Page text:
OpenJurist

188 F2d 48 Green v. United States

188 F.2d 48

GREEN
v.
UNITED STATES.

No. 10797.

United States Court of Appeals District of Columbia Circuit.

Argued February 14, 1951.

Decided March 8, 1951.

Writ of Certiorari Denied June 4, 1951.

See 71 S.Ct. 1008.

Frank Green, pro se, for appellant.

Joseph F. Goetten, Asst. U. S. Atty., Washington, D. C., with whom George Morris Fay, U. S. Atty., and William S. McKinley and Joseph M. Howard, Asst. U. S. Attys., all of Washington, D. C., were on the brief, for appellee.

Before EDGERTON, BAZELON, and FAHY, Circuit Judges.

PER CURIAM.

1

Appellant has been convicted of obtaining money by false pretenses. D.C.Code (1940) § 22-1301, 50 Stat. 628. He represented a bad check as good and got a hotel to cash it. He then left the District of Columbia without paying his hotel bill. He was arrested in Tennessee, and returned here for trial, several years later.

2

The statute of limitations, on which he relies, did not run during his absence. This is true even if he did not, as apparently he did, leave to avoid prosecution. "The question is not whether he remained out of the District for any particular reason, or at all; it is enough that he did not remain for three years within the District." McGowen v. United States, 70 App. D.C. 268, 269, 105 F.2d 791, 792, 124 A.L. R. 1047.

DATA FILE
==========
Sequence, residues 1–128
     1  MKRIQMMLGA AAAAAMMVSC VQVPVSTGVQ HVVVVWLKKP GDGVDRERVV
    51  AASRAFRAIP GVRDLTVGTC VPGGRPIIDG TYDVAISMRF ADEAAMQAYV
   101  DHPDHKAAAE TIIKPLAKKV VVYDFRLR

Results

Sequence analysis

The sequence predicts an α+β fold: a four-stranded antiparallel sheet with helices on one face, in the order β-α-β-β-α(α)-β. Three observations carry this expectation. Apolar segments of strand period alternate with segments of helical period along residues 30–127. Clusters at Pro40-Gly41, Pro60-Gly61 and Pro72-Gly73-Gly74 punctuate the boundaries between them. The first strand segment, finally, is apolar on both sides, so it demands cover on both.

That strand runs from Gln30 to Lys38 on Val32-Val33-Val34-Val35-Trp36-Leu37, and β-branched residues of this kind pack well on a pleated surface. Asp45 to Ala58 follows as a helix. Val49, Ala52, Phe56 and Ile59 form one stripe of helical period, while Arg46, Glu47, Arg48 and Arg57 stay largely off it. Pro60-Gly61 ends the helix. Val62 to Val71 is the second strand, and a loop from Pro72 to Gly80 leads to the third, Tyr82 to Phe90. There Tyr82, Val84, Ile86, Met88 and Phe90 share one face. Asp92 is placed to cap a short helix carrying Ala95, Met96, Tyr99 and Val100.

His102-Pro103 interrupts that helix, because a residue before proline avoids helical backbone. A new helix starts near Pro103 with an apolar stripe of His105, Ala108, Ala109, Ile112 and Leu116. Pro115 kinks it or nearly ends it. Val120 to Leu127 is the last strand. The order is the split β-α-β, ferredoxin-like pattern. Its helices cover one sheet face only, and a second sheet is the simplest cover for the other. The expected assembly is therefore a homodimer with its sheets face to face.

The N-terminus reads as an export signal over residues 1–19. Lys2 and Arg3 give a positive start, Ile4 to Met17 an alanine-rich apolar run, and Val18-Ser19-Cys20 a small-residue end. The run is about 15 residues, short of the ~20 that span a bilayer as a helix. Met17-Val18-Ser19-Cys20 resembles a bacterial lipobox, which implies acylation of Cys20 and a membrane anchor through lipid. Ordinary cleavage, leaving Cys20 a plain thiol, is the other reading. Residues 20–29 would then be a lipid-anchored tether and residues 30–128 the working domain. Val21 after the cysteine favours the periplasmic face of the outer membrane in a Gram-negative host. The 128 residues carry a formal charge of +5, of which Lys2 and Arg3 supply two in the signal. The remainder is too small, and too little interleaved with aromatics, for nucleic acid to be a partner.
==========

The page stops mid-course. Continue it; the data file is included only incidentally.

3

The court rightly admitted in evidence some 13 other bad checks which appellant represented as good, and for which he got cash, at about the same time as the one on which he was convicted. "The question was one of fraudulent intent or not; and upon questions of that sort * * * it has always been deemed allowable * * * to introduce evidence of other acts and doings of the party, of a kindred character." Wood v. United States, 16 Pet. 341, 41 U.S. 341, 358, 10 L.Ed. 987. "Knowledge of the falsity of the other representations need not be shown * * * It is the mere recurrence of similar incorrect (not necessarily knowingly false) representations which leads to the belief that they could not have been made innocently; we may assume that any given one might have been innocent, but cannot concede this when we notice the recurrence." 2 Wigmore on Evidence, 3 ed., § 321(2) (c).

4

Since "jurisdiction in a criminal case is not impaired by the fact that the accused was brought before the court in an unlawful manner," Sheehan v. Huff, 78 U.S.App.D.C. 391, 142 F.2d 81, we need not consider appellant's criticism of the warrant on which he was arrested. Cf. Gillars v. United States, 87 U.S.App.D.C. 16, 182 F.2d 962, 972.

5

We find no merit in appellant's other contentions.

6

Affirmed.